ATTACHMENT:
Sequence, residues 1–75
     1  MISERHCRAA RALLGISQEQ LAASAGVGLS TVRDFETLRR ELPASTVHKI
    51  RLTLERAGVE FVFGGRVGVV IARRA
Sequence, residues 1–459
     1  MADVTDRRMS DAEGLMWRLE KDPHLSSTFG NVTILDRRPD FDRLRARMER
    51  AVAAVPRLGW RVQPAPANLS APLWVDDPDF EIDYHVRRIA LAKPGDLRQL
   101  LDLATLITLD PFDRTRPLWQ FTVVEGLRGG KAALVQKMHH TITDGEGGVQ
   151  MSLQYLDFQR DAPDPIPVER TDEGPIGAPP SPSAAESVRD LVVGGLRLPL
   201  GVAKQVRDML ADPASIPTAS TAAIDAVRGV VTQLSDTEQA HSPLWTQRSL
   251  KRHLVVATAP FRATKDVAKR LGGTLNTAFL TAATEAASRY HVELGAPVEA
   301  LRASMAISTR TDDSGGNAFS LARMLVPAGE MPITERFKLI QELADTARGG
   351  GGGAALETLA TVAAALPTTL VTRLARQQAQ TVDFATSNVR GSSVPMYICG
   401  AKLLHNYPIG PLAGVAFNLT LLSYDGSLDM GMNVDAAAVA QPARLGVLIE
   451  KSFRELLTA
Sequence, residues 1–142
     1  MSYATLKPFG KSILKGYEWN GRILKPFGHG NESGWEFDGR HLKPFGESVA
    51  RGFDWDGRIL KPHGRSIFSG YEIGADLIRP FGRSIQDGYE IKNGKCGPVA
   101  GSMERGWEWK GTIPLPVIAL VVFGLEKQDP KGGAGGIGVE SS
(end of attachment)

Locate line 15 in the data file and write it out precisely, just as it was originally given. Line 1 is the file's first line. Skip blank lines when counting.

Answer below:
Sequence, residues 1–142